The Ghost of Camp Halloween Adventure
“There are thirteen of you tonight. Tomorrow, when you wake up, one will be gone.” I paused and panned the open-eyed faces of the boys sitting around the campfire cross-legged, Indian style. “Thanks to Camp Halloween Adventure’s resident ghost.”
“Sure,” the chubbiest one said. “Like there’s such a thing as ghosts.” He snorted in disdain.
“It’s true,” another one said. “My friend told me about it. He was here last year.”
“So I guess you didn’t believe him. . .since you’re here,” chubby said.
I know I’m not supposed to use words like chubby, but if I didn’t one would assume I like kids. I don’t. I like their parents’ money.
“It’s my mother who doesn’t believe in ghosts,” the boy said, wiping sweaty palms on his jeans.
“Well,” I interjected. “We’ll all find out in the morning—won’t we?” They looked at each other, most unsure what to think. “It’s too bad, too, since tomorrow is the day you get to go rafting and zip lining, and maybe rock-wall climbing, if you’re not too tired.”
“But it’ll be cold.” Guess who. “And we’re not strong enough or old enough to go rafting.” Chubby looked at the others. “We’re only ten.” He paused again to survey his fellow campers’ faces. “And we could drown,” he said, looking at me.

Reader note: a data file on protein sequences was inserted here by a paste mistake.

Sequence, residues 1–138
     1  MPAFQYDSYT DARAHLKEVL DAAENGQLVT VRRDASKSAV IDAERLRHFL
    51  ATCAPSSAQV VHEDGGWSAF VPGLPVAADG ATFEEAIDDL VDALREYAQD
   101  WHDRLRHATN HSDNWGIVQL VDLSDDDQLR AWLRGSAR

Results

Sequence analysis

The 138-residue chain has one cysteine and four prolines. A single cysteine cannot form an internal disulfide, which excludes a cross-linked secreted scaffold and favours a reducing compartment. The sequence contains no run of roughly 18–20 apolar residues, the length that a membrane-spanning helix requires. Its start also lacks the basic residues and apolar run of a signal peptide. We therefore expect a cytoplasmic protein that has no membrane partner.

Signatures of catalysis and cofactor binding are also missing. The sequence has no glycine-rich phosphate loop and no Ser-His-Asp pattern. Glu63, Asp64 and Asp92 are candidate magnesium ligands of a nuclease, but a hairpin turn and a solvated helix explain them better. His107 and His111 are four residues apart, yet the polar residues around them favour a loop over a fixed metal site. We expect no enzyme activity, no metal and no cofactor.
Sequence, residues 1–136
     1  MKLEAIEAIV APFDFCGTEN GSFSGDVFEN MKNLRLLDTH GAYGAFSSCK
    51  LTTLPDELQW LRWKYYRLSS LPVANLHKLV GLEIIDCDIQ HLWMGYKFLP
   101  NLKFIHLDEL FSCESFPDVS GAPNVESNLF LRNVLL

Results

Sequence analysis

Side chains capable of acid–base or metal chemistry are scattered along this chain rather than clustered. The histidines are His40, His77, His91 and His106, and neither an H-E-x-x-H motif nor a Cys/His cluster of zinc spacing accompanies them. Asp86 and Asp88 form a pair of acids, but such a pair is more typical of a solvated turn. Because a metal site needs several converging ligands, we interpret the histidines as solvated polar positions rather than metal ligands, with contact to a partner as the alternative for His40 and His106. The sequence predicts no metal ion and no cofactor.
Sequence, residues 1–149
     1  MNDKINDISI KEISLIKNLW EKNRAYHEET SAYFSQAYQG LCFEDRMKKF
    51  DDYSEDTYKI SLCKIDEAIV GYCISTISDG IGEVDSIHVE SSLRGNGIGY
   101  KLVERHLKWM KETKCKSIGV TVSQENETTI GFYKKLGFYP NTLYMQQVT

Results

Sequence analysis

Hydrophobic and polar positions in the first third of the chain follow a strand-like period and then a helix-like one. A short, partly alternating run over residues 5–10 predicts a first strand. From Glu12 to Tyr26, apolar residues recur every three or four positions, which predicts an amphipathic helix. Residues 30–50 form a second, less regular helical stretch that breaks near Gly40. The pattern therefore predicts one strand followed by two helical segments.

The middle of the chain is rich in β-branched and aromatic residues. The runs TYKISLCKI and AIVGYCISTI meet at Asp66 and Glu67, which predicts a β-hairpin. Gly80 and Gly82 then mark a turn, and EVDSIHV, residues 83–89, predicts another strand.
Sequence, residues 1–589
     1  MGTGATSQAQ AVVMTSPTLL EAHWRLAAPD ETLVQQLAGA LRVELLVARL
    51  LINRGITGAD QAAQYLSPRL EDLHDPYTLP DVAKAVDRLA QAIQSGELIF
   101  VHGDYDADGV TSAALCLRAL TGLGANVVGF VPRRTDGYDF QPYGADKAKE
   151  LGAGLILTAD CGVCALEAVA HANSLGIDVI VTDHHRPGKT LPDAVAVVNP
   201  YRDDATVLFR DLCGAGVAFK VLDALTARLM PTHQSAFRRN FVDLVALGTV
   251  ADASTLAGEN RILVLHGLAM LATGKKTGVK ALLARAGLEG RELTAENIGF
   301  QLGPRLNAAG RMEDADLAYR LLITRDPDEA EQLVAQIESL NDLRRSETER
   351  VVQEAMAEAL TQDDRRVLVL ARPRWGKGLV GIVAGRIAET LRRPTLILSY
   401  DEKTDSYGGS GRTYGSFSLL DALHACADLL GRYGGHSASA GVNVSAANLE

The others nodded and made various sounds of agreement.
I held up my hand, as if taking an oath. “We’ve been running this camp for years.” I smiled reassuringly. At least, it was meant to be reassuring. “We know what we’re doing.” The boys glanced at each other, their necks on ball bearing swivels.
“Anyway, you have to worry about our ghost first. He’s in one of you right now.” They gasped in unison. “That’s right. He always inhabits one camper’s body.” I looked at Chubby. “Usually the one who complains the most.”
Chubby peered at me across the campfire, his eyes two slits, the rising heat augmenting their meaning. “You’re full of sh—.”
“Ah, ah.” I wagged a finger. “Remember, only nice words at Camp Halloween Adventure. You read the rules with your parents like instructed, didn’t you?
Chubby closed his mouth.
“Anyway, our ghost reads the inhabited camper’s mind to find out which one of the others he likes the least.” I scanned the group, pausing to look each one in the eyes. “That’s the one who turns up missing in the morning.”
Chubby said, “You’re so full of it.” He pushed himself off the ground and walked away.
“I guess we’ll just have to wait until morning to find out.” I stood. “Of course, the ghost can only take one of you away if you’re all asleep.”
The remaining campers huddled together, whispering to each other, while I went to get rid of Chubby. Little did he know he’d picked himself to be sent home early. No harm would come to him. He’d simply stop being a pain in my ass.